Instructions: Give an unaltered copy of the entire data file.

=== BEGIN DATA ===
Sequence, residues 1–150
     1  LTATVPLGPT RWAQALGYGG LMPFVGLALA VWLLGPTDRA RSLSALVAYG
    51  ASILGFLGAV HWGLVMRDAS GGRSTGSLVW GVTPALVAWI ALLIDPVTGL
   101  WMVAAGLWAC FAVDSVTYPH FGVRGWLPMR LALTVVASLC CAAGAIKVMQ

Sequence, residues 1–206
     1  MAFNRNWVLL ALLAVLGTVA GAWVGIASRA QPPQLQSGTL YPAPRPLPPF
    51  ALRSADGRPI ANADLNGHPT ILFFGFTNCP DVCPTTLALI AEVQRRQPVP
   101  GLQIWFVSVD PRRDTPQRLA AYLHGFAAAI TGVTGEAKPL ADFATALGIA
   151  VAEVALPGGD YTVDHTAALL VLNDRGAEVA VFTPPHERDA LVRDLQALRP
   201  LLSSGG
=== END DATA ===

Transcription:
Sequence, residues 1–150
     1  LTATVPLGPT RWAQALGYGG LMPFVGLALA VWLLGPTDRA RSLSALVAYG
    51  ASILGFLGAV HWGLVMRDAS GGRSTGSLVW GVTPALVAWI ALLIDPVTGL
   101  WMVAAGLWAC FAVDSVTYPH FGVRGWLPMR LALTVVASLC CAAGAIKVMQ

Sequence, residues 1–206
     1  MAFNRNWVLL ALLAVLGTVA GAWVGIASRA QPPQLQSGTL YPAPRPLPPF
    51  ALRSADGRPI ANADLNGHPT ILFFGFTNCP DVCPTTLALI AEVQRRQPVP
   101  GLQIWFVSVD PRRDTPQRLA AYLHGFAAAI TGVTGEAKPL ADFATALGIA
   151  VAEVALPGGD YTVDHTAALL VLNDRGAEVA VFTPPHERDA LVRDLQALRP
   201  LLSSGG